In West Virginia, more than 70,000 students participate in hands-on learning experiences provided through 4-H. From camps and STEM activities to livestock and clubs, WVU Extension Service brings unique experiences and opportunities to pique curiosity and encourage innovation through youth programming throughout West Virginia.
As part of National 4-H Week (Oct. 6-12), WVU Extension Service’s 4-H Youth Development program will be celebrating with activities and events focused on this year’s National 4-H Week theme, “Inspire Kids to Do.”
“Our 4-H programming offers an array of learning experiences that focus on leadership, civic engagement, health, science, and agriculture,” Brent Clark, director, WVU Extension Service 4-H Youth Development said. “Nationally, 4-H has always provided hands-on activities to youths, but during the past few years, those programs have really evolved to include more activities to expand growth, career readiness and educational outreach. Each year, we continue to be impressed with our 4-H’ers who are inspired to do more to help their communities and their state.”
Recently, 4-H’ers and other students from Lincoln County, West Virginia, participated in WVU’s Impact Challenge, where they worked with teams of WVU students to identify and solve problems within their communities. Clark noted that this very experience embodies the theme of this year’s National 4-H Week.
“The lessons learned and knowledge gained from the Impact Challenge is at the very core of inspiring kids to do. It encourages them to become more civically engaged and active in their communities. Our 4-H’ers are passionate about improving the lives of people in their towns, as well as others in the state, so to participate in this unique learning opportunity will only ignite that passion.”
During the month of October, more than 200,000 4-H’ers, students and teachers across the country also are participating in the 4-H National Youth Science Day challenge, Game Changers. Led, for the second year in a row, by WVU Extension’s 4-H program, students will learn about computer science to create games, solve problems and engage with topics they are passionate about.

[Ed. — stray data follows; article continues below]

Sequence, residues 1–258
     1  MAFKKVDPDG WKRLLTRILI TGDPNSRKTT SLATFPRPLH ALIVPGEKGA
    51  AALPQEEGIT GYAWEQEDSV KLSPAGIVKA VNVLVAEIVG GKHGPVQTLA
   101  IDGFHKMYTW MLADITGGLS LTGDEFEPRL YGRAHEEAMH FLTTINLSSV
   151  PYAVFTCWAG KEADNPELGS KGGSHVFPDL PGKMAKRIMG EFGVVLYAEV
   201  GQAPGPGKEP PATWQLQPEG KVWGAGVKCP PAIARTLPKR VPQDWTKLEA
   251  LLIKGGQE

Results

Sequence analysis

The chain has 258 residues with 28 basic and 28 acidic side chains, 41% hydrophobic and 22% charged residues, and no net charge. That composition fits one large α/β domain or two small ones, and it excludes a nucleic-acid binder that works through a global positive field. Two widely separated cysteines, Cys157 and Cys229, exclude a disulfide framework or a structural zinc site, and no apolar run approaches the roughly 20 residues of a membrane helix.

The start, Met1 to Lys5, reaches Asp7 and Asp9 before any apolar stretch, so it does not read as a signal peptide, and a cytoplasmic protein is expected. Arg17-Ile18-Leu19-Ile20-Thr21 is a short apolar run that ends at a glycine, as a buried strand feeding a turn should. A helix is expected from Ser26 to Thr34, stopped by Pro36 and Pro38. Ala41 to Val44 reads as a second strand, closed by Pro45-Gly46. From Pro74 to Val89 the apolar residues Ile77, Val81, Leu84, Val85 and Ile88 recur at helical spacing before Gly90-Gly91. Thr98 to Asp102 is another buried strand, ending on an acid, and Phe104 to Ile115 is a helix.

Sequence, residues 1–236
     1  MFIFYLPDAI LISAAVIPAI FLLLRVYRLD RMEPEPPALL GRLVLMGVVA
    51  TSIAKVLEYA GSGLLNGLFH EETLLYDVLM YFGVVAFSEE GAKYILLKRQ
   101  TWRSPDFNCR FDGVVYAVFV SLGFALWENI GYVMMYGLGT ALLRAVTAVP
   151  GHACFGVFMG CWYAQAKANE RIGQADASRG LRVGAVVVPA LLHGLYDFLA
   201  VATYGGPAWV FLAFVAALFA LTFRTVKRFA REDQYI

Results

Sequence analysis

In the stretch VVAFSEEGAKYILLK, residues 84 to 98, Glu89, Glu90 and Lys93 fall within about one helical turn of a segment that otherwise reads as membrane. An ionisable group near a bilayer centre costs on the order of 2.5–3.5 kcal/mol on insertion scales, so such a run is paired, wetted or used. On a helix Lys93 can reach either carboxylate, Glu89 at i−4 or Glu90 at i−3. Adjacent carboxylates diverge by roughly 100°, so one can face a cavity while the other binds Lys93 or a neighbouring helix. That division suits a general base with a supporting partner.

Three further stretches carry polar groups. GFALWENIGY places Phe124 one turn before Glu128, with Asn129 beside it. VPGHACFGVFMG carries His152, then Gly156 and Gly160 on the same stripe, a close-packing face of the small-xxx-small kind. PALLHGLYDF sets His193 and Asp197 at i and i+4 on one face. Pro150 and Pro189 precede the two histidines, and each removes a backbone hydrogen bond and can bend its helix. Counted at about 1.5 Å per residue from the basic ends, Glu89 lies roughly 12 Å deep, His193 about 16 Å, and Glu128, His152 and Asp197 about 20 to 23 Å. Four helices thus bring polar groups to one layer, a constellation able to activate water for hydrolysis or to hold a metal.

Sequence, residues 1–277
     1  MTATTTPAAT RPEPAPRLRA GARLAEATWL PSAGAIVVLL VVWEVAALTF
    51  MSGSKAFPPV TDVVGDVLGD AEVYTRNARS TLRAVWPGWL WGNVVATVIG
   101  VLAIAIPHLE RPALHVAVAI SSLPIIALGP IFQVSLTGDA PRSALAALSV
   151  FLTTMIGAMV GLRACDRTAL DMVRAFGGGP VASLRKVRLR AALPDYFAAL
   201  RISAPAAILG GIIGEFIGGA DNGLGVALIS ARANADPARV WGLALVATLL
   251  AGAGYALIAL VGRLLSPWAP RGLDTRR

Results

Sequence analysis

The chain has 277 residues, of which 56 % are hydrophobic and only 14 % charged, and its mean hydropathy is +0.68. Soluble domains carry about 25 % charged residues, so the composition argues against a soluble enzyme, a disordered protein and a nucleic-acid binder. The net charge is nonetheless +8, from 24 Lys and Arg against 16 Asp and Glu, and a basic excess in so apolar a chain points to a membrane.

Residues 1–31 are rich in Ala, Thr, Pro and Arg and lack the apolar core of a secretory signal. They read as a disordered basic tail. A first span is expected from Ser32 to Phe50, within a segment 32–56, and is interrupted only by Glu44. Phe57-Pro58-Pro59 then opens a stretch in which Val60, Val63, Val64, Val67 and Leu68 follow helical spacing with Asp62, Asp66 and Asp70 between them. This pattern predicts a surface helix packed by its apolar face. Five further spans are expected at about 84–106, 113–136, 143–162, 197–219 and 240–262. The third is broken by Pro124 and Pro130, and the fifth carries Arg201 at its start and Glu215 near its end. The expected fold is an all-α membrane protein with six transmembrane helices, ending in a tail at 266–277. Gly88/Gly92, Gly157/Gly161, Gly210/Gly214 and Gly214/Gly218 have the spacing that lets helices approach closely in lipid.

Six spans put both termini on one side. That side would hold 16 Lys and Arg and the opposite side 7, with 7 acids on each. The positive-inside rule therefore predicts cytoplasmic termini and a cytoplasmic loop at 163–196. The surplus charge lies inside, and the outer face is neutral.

West Virginia 4-H is a free youth development program that builds leadership skills, strengthens communities and emphasizes a “learn by doing” approach to education.
In West Virginia, one in every five youths is involved in 4-H. Anyone between the ages of 9 and 21 can join 4-H with a parent or guardian’s permission. Younger kids, ages 5 to 8, who are interested in the practices of 4-H can join a pre-4-H program called Cloverbuds, which focuses more on fun and social activities that set the stage for future learning. Older members can become active in any of the seven collegiate 4-H clubs in the state.
While 4-H programs of the past have focused on agriculture and farming, today’s 4-H programs are more diverse, exposing kids to concepts in science, engineering, technology, citizenship and healthy lifestyles. Club members may also learn about higher education opportunities and even be eligible for scholarships given by the WVU Extension Service.
A national study of the “learn by doing” approach shows that on average, 4-H’ers achieve higher grades in school, are less likely to participate in risky behaviors associated with young adulthood, and are more likely to pursue careers in science, engineering or computer technology.
To learn more about 4-H activities in your community, contact your local county office of the WVU Extension Service or visit extension.wvu.edu.
CONTACT: Tara Curtis, WVU Extension Service
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